The “democracy” under attack today is a shorthand for liberal democracy, and what is really under greatest threat is the liberal component of this pair, says a leading analyst.
Liberalism is connected to democracy, but is not the same thing, notes Francis Fukuyama, the Olivier Nomellini Senior Fellow at the Freeman Spogli Institute for International Studies (FSI), the director of the Ford Dorsey Master’s in International Policy, and the Mosbacher Director of FSI’s Center on Democracy, Development and the Rule of Law.
It is possible to have regimes that are liberal but not democratic: Germany in the 19th century and Singapore and Hong Kong in the late 20th century come to mind. It is also possible to have democracies that are not liberal, like the ones Viktor Orbán and Narendra Modi are trying to create that privilege some groups over others, he observes.
Liberalism is allied to democracy through its protection of individual autonomy, which ultimately implies a right to political choice and to the franchise. But it is not the same as democracy, he writes in an introductory essay for American Purpose, a magazine, media project, and intellectual community aiming to defend and promote liberal democracy.
The period from 1950 to the 1970s was the heyday of liberal democracy in the developed world. Liberal rule of law abetted democracy by protecting ordinary people from abuse, Fukuyama adds:
Liberal rule of law laid the basis for the strong post-World War II economic growth that then enabled democratically elected legislatures to create redistributive welfare states. Inequality was tolerable in this period because most people could see their material conditions improving. In short, this period saw a largely happy coexistence of liberalism and democracy throughout the developed world.
Vladimir Putin told the Financial Times that liberalism has become an “obsolete” doctrine. While it may be under attack from many quarters today, it is in fact more necessary than ever, Fukuyama insists.
In his 2007 Munich speech, Putin characterized unipolarity, and the West’s supremacy in global politics, as inherently undemocratic, notes MEMRI analyst Anna Mahjar-Barducci. “What is a unipolar world? However one might embellish this term, at the end of the day it refers to one type of situation, namely one center of authority, one center of force, one center of decision-making,” he said. “And this certainly has nothing in common with democracy. Because, as you know, democracy is the power of the majority in light of the interests and opinions of the minority.”
Creating an international “space” for liberal democracy, preserving rights and protections within and between countries, and balancing conflicting values such as liberty and equality, openness and social solidarity, and sovereignty and interdependence—these are the guiding aims that have propelled liberal internationalism through the upheavals of the past two centuries, claims G. John Ikenberry, the Albert G. Milbank Professor of Politics and International Affairs at Princeton University in the Department of Politics and the Princeton School of Public and International Affairs. In a twenty-first century marked by rising economic and security interdependence, liberal internationalism—reformed and reimagined—remains the most viable project to protect liberal democracy, he argues in A World Safe for Democracy: Liberal Internationalism and the Crises of Global Order.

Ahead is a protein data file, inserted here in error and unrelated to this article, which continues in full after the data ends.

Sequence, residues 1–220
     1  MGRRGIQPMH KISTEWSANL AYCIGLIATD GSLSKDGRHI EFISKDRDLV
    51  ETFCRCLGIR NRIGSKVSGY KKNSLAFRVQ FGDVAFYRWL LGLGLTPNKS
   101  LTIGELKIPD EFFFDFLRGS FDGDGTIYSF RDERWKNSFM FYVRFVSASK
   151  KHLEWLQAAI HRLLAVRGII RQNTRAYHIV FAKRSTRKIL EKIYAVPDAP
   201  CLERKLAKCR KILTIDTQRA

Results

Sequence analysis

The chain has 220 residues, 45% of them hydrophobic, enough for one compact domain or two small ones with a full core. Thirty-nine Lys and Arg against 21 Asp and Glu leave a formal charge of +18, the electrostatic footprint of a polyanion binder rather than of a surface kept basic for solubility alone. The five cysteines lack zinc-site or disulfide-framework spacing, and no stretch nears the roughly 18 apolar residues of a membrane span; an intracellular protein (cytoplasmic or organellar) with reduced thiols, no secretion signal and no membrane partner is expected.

According to Russian anti-liberal philosopher Alexander Dugin, the system that should replace unipolarity is multipolarity, which can be better defined by describing what it opposes, Mahjar-Barducci adds: “Multipolarity is against unipolarity… Multipolarity is against hegemony on three levels – first of all strategic, i.e., against the American military domination of the world with American military bases everywhere in the world… Multipolarity is against ideological hegemony as globalization, liberalism, and human rights…”
Dugin (right) describes the West’s concept of human rights as inherently “racist”, since it affirms the liberal concept of the individual as “the only way to understand human nature.”
However, after defining what multipolarity is by what it stands against, Dugin explains that a pole is not only strategic or political: “It is linked to a civilization as a culture or special type of society with special values. At the same time, it is not only a culture, but also a strategic space. Thus, in the concept of pole, we have both meanings: power and idea. The ideological and cultural levels and military force are inscribed into the pole in space, in political geography, and in cultural geography at the same time.”